Eggs Are Where You Find Them


Continued from:

Our morning began as do most mornings in a rural Caribbean community, with the announcement of a new day by the neighborhood roosters. Later, Maria would apologize, but qualified it by explaining that she for one could live with the noise because all her eggs, including those we were eating, came from those same chickens – she went on to tell us that apparently she was one of the few living in that community who realized that the chickens choose to lay their eggs in the same area where they were fed, and that she made sure the chickens ate in her yard.

Between our repeated expressions of thanks to Maria for our rescue from an unknown fate, she told us she had been thinking, and she had an idea for our consideration. We had offered, once we were back in San Juan, to rent a car and use it to both see more of the island, and to give Maria a ride back to her home – and her idea now was to allow her to become our guide, and for three days to both see a good part of the island and to spend each night with one of Maria’s many relatives. The deal essentially was that we would provide the transportation, and she would arrange for us to have lodging and meals with her various family members – Wow!

Regardless of our protestations, Maria always had a better answer, and eventually we recognized that it would be best to agree and be done with it – of course, that agreement was partially in anticipation that Maria’s family would be cut from the same mold as was she – what if they were not? So, our agreement was with some degree of trepidation, but I think perhaps more in the remembrance of the event than perhaps was true at the moment – it was, after all, a part of the adventure!

Our eventual arrangements were such that five of us: we two; Maria; her daughter, Isabella; and Maria’s nephew, Paulo, squeezed into a tiny Volkswagen bug, and set off to visit relatives who they had not seen in years, and who we would learn, truly were overjoyed to see them – even with us tagging along.

That fantastic tour found us visiting first a brother who managed a sugar mill operation, where I became fascinated with the process of creating confectioner’s sugar (essentially, a small enclosed area housing a machine that pounded the granular sugar into submission). Later we slept in our first bed covered with a huge mosquito netting – necessitated by a house with no screens -?? And on another night, I’ll never forget my first shower in an open roof-top affair whose sides only came up four feet – I took my shower while the rest of the family relaxed over afternoon drinks on the other side of the roof-top patio – in retrospect, a bit of gringo cultural shock. On another day, we visited still another, apparently more well-to-do member of Maria’s clan at his mountain ranch, where he was raising “meat steers” – he took pains to explain that even though these were huge animals, they were entirely safe and docile, and he literally made me walk with him out to the herd, where we petted them to prove the point, I guess – I remained unconvinced.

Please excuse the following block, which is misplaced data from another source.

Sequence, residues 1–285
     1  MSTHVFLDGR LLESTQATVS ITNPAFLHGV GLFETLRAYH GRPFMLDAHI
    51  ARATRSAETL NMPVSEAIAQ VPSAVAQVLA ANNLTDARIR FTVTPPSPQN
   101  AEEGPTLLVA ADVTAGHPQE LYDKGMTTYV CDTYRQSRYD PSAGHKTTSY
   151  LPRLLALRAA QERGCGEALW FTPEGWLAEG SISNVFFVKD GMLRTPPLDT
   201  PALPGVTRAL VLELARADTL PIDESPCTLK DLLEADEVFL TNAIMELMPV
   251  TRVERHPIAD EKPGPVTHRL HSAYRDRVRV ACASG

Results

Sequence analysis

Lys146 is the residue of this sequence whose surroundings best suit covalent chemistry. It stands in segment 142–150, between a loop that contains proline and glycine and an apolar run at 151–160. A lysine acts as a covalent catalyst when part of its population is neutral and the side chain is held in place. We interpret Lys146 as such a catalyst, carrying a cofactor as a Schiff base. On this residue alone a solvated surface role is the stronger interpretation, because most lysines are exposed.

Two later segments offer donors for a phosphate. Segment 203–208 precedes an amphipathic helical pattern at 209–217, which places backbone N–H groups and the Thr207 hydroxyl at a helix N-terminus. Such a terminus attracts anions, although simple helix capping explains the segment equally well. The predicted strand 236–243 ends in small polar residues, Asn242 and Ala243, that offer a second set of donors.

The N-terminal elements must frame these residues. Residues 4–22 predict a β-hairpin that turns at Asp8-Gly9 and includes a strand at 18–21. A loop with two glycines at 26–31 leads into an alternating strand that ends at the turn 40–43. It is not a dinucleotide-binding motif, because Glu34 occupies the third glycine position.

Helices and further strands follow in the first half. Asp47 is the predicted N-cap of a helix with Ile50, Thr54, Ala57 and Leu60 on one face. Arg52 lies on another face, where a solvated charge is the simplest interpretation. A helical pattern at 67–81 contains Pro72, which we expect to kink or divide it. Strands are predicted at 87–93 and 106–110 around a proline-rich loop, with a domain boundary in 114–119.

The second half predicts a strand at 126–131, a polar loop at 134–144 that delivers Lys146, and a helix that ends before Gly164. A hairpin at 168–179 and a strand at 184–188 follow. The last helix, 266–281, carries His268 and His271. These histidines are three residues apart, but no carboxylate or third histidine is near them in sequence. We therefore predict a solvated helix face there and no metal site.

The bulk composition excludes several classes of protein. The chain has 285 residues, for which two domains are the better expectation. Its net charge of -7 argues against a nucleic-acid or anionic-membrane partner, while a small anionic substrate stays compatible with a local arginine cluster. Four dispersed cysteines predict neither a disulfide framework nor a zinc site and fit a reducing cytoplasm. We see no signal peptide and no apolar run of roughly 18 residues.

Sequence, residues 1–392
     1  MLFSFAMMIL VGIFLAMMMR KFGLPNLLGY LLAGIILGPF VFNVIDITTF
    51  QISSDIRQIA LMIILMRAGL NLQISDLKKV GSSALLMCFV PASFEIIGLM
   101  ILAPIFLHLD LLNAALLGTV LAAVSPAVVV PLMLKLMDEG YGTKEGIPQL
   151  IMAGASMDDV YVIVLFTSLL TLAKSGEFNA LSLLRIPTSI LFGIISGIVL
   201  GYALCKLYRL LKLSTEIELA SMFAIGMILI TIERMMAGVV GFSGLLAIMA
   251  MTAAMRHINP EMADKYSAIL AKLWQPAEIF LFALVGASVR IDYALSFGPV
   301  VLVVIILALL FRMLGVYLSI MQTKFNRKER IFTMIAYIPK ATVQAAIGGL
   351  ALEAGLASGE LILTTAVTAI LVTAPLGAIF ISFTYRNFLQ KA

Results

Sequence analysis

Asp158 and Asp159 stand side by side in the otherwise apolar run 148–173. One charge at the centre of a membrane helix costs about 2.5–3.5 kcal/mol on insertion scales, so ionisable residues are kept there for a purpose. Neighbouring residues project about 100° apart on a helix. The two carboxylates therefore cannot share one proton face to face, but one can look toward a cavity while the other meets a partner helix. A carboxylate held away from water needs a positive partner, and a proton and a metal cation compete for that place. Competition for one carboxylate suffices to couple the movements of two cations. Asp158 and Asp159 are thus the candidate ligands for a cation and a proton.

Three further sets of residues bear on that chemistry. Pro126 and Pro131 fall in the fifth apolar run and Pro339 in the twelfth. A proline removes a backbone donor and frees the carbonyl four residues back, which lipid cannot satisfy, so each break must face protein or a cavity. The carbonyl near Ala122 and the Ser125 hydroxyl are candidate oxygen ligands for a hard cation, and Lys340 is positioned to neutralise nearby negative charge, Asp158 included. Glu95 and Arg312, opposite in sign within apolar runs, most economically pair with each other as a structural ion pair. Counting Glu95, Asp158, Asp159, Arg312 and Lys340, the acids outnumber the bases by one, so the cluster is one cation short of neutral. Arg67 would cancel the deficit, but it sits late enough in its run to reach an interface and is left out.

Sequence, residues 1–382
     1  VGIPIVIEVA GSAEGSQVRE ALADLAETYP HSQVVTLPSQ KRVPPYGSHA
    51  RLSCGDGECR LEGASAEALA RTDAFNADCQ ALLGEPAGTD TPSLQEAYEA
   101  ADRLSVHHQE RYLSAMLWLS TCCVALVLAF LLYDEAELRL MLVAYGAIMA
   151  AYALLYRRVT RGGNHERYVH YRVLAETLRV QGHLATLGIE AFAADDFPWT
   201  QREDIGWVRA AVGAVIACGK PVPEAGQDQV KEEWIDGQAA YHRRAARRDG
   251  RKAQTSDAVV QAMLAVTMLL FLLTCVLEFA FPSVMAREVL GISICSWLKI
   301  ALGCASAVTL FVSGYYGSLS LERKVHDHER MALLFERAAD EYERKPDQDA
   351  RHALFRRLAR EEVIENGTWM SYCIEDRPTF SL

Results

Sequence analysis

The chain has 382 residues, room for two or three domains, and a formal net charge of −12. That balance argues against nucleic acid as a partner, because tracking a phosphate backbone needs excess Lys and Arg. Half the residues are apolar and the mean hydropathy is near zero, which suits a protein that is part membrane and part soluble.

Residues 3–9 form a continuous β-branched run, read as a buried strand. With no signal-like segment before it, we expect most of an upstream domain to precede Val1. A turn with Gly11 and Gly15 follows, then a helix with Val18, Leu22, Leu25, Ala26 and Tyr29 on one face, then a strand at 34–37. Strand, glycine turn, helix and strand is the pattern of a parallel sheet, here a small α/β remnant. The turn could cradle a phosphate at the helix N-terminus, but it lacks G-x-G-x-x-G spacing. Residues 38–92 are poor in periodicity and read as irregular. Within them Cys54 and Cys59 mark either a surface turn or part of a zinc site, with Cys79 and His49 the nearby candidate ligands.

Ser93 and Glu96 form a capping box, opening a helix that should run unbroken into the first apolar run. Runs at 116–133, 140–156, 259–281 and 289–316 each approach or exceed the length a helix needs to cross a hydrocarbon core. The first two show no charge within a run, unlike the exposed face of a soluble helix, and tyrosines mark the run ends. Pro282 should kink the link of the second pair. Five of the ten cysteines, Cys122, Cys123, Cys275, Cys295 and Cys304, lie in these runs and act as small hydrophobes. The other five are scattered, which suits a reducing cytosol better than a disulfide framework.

As I think back on this experience, I can’t help but do so with regret – for I now know that this was an experience that most never have. And we had the fortunate opportunity to experience a cross-cultural immersion that few others have had. Yes, we exchanged addresses with Maria, and for a few years we wrote each other – but somehow, and I can’t even recall now how or why, we simply lost touch with each other – this fills me with sincere regret now, I guess it’s a matter of maturation. But the memory does make me more sad than happy now.

Finally, as our island adventure was coming to an end, we proposed a fitting finale to our adventure to take place at a seafood restaurant where we could all dine on “spiny crayfish”, the Caribbean equivalent of a U.S. lobster, as our treat. Isabella insisted that we must try Bacalaitos Fritos as an appetizer – these are a fritter made with dried salt cod, or bacalao, long a famous ingedient in Caribbean cooking – why?, I sure don’t know – my guess is that it’s a Spanish influence.

The spiny crayfish I don’t remember as especially great, but I shall always remember the Bacalaitos Fritos. Here’s a recipe so you can try this Puerto Rican specialty too


Bacalaitos Fritos


1/4 lb. bacalao (dried salt cod)
3/4 cup flour
1/2 tsp. baking powder
1/3 tsp. salt, or to taste
3/4 cup water
1 garlic clove
2 Tbs. chopped cilantro
1 envelope sazón seasoning, or sub a Tbs. or two of sofrito
Pepper to taste
Oil for frying


Cut the bacalao in chunks, place in a pot, cover with water and boil for 15 minutes.

Drain, cool, debone, and shred.

In a bowl, combine flour, salt and baking powder.

Make a little well in the center. Pour the water slowly and mix to make a thick batter.

Add the pepper and sazón or sofrito and stir well.

Chop the garlic and cilantro leaves. Add to the mix.

Add the shredded bacalao and mix well.

In a frying or sauce pan, pre-heat a cup or two of oil.

Fry the bacalaitos on high heat by dropping big spoonfuls in hot oil.

Turn as needed.

Bacalaitos are done when they are golden.

Drain in paper towels and let them cool before biting into them.



About drfugawe

I'm a guy with enough time to do as I please, and that my resources allow. The problem(s) are: I have 100s of interests; I have a short attention span; I have instant expectations; I'm lazy; and I'm broke. But I'm OK with all that, 'cause otherwise I'd be so busy, I'd be dead in a year.
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